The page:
10 awesome Google tricks you missed

Think you’re a Google master? Think again, and check out these 10 tricks that make working with Google’s services even better

By Keir Thomas, PC World |  On-demand Software, gmail, Google

7. Test Your YouTube Connection

Has YouTube been stuttering, or just a little slow? By right-clicking any video and selecting Take Speed Test or just visiting this speed-test link , you can compare your playback speed to others who use your ISP, as well as comparing it to the average speed for your city, and country. By clicking the Show Video Test link, you can measure your speed. Just look at the HTTP section in the information window at the top left of the video display to see how quickly you're receiving the video file.

8. Drag and Drop

If you're using Firefox or Google Chrome to access Google's services, you can often drag and drop files onto the browser window if the Google product is one that works with files.

For example, when creating a mail message, you can simply drag and drop files onto the browser window to instantly attach them (you'll need to "drop" them over the green Drop Files Here area). If creating a word processor document in Google Docs, you can drag and drop pictures into the browser window to place them on the page.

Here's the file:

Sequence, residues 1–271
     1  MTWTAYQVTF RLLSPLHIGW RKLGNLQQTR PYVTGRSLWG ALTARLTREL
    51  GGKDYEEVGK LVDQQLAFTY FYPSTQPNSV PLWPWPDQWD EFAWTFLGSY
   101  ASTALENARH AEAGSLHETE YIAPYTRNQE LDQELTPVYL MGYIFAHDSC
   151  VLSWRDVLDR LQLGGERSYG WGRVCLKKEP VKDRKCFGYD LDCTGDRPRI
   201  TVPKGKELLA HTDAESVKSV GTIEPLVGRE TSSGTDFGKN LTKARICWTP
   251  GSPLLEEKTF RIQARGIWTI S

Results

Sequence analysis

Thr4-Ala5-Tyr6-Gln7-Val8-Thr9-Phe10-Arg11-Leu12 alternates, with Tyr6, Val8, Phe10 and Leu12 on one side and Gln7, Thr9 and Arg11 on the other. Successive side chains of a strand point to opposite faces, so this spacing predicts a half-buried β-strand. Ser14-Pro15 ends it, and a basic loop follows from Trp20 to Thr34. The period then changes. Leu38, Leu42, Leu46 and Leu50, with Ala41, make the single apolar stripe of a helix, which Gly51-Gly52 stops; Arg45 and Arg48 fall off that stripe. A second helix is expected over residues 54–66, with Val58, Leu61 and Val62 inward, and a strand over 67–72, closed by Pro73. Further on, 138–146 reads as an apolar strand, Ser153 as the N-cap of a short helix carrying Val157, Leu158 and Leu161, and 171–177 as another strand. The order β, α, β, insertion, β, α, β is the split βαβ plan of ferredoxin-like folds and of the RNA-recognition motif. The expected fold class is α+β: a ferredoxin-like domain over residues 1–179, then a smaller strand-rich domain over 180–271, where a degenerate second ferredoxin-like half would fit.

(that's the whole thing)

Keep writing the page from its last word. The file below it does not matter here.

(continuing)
This doesn't work with Internet Explorer, unfortunately.

9. See if Google Services Are Working

Ever tried to access one of Google's services but you've been unable to? If you're like me, the first think you'll do is ask any colleagues nearby whether they can access the service. Well, no more. By visiting the Google Apps Status page you can see at a glance whether there are any problems, and if so, what the nature of the problem is.

10. Collaborate on Documents within Microsoft Office

If you're not quite ready to take the plunge into working with Google Docs through your Web browser, you can download the Google Cloud Connect plugin for Microsoft Office, which is now freely available after a long period of testing. This allows more than one person to work on a Microsoft Office file that's been uploaded to somebody's Google Docs space. Any edits made by others are instantly reflected within the document, all within the standard Microsoft Office program window, and you have the added benefit that files are stored in Google's cloud and revisions tracked.

Keir Thomas has been making known his opinion about computing matters since the last century, and more recently has written several best-selling books. You can learn more about him at http://keirthomas.com. His Twitter feed is @keirthomas.

Originally published on PC World |  Click here to read the original story.
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